“Jonathan did amazing things in his two and a half years on this earth, touching so many lives in such a positive way,” Kristy remembers. “Jonathan was and continues to be an inspiration, helping raise thousands of dollars to help find a cure for leukemia.”
For more information about Light the Night, click here.
Walk to End Alzheimer’s
In 2018, approximately 5.7 million Americans of all ages are living with Alzheimer's dementia. This year in Honolulu, The Kikawa Team of Raymond James participated in Oahu’s “Walk to End Alzheimer’s” in support of family, friends, clients and their loved ones who suffer from the disease.
“Alzheimer’s is a serious mental condition that greatly affects both the individual and the supporting family members or caretakers,” said Ashley Caneso, client service associate, who got involved for the first time this year. “Our team was honored to participate in this year’s walk and raise awareness and help fund critical research.”
RJA advisors Paul Yamashita and Karen Yasukawa know the effects of Alzheimer’s all too well, as Paul serves with the Alzheimer’s Association Aloha Chapter, and Karen was a caretaker for family members who suffered through the disease.
“My in-laws – including my father-in law, mother-in-law and sister-in-law – all passed away from the effects of Alzheimer’s,” said Karen. “My husband and I cared for his parents, and it was challenging and a difficult time for all of us. It took many hands to help us through.”
Karen’s experience not only helped her understand friends and clients who go through the same challenges, but also has fueled her fight to raise awareness and funds – and encourage others in her branch to do the same.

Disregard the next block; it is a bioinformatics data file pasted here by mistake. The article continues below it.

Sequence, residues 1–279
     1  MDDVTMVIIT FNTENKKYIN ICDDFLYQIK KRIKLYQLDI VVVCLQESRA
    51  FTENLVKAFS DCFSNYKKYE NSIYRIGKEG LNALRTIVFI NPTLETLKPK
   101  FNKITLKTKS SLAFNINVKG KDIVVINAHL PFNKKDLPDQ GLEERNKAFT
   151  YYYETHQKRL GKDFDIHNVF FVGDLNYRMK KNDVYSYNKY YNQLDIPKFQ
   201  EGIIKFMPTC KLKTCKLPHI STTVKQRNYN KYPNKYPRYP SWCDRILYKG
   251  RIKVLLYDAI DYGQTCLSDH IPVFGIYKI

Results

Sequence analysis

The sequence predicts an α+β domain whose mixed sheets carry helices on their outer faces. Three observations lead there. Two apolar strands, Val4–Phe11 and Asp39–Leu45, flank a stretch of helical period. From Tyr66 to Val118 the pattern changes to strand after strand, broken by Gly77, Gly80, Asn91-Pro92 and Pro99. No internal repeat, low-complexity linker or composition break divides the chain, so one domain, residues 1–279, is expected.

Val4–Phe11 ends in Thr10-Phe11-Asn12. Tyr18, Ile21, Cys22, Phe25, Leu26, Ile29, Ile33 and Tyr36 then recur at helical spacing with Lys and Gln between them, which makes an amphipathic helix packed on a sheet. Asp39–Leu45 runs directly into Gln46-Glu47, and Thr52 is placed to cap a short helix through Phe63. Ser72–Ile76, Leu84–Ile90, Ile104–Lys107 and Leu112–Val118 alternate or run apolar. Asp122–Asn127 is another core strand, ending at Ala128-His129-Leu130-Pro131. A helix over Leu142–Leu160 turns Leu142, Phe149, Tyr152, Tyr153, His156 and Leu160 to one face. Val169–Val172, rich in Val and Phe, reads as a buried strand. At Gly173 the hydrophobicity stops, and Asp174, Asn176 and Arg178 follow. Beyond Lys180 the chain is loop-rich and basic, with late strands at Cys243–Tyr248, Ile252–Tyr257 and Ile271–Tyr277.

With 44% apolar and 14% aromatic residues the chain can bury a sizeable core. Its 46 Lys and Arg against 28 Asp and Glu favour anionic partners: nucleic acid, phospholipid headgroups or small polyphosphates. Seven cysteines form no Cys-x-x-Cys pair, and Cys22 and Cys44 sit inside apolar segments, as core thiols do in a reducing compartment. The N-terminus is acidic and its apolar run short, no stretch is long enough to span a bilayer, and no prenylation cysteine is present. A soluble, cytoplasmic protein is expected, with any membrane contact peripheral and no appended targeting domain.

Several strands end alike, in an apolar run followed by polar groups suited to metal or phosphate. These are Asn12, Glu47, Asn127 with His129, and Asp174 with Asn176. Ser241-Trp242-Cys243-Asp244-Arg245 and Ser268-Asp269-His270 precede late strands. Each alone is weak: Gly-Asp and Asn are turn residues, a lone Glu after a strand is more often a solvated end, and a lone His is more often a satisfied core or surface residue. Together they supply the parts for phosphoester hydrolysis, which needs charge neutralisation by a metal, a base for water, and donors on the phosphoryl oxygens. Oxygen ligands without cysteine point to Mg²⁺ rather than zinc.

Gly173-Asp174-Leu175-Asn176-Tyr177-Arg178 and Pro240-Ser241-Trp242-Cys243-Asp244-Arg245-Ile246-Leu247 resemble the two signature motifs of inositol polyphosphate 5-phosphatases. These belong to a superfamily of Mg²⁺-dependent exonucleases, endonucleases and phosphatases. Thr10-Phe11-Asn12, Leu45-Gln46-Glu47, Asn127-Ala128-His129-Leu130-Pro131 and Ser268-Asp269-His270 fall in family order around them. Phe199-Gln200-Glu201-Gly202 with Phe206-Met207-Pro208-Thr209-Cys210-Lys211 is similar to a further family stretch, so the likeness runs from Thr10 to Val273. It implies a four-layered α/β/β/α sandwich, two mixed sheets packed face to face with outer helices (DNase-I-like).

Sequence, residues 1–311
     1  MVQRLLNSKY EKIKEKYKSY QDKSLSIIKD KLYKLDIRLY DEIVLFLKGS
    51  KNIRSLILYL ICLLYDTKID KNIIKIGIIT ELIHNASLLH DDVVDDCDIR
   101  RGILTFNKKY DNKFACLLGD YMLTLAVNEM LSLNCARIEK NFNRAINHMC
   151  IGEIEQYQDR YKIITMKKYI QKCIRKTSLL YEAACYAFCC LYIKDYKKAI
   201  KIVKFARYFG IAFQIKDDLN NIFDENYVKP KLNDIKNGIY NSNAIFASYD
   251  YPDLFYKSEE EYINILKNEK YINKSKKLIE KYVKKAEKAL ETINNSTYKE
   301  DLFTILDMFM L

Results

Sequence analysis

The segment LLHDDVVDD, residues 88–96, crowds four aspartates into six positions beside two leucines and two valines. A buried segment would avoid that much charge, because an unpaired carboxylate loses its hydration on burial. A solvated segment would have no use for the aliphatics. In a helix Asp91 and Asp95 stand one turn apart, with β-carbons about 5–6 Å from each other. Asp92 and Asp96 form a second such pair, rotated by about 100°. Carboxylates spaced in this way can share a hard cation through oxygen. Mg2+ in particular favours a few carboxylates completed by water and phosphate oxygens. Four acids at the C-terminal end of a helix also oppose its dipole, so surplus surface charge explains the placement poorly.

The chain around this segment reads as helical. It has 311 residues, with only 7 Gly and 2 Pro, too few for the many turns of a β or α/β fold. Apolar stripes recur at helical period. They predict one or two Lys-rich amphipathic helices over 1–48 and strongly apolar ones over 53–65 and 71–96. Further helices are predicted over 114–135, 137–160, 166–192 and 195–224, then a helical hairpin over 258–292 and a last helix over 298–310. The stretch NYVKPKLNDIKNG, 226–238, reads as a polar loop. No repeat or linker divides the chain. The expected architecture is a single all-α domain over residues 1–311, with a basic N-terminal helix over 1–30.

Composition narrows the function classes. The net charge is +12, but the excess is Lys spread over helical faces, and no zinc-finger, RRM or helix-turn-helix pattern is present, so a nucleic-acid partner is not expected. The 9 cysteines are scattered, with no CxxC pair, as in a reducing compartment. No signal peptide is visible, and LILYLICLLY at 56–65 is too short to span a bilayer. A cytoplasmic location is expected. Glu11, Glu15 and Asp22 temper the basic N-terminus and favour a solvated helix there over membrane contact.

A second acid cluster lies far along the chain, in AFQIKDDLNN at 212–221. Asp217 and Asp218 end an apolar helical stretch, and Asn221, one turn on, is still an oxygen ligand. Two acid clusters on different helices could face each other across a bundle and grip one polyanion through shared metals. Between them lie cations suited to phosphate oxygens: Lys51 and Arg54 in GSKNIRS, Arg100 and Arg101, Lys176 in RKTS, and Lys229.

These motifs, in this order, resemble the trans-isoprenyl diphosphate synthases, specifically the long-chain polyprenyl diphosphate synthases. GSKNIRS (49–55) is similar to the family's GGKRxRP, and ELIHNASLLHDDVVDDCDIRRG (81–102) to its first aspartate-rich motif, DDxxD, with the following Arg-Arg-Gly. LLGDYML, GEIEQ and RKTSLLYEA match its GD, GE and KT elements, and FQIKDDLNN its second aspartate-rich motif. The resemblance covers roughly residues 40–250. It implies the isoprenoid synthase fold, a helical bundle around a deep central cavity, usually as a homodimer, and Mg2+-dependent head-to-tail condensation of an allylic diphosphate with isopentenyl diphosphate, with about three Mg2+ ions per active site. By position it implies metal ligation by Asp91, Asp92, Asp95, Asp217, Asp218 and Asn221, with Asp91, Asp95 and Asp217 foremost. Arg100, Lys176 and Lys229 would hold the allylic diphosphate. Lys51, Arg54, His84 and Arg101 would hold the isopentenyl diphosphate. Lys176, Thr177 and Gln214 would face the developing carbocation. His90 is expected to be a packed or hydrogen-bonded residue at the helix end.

“This particular disease is becoming more prevalent as we are living longer,” said Karen. “We need to pay attention; we need to do something about it.”
For more information on the Alzheimer’s Association, helpful resources, local chapters or walks and more, click here.
“My ‘Why’ is my son, Kyle,” said Shelly Church, an RJA advisor with Church & Box Planning Group of Raymond James. “Kyle was born in 1986 with a congenital heart defect, and when Kyle was alive, we walked together for eight years in our local Naples Heart Walk, under ‘Kyle’s Team.’”
Kyle’s commitment to raising money for the American Heart Association (AHA) started in 1998, when he served as the grand marshal for the local Heart Walk. He was the “top walker” for three years, and in his last walk in 2004, he was named the “top walker” in the nation for his level.
Kyle’s “Why” was his friend Kiante, whom he met at Camp Boggy Creek, sponsored by the American Heart Association. Click on the video below to hear Kyle’s inspiring walking testimony, told by his mother, Shelly.
“I continue to walk to carry on Kyle’s legacy,” said Shelly, who’s inspired others locally and across the home office in St. Pete to do the same. "Each year, more than 150 of our friends, family members and loved ones walk on 'Kyle’s Team' to help do the same.”
Over the last 20 years, "Kyle's Team" has raised more than $1 million for Kyle’s legacy for the American Heart Association, with a mission to end the number 1 killer of Americans: heart disease.
Raymond James Cares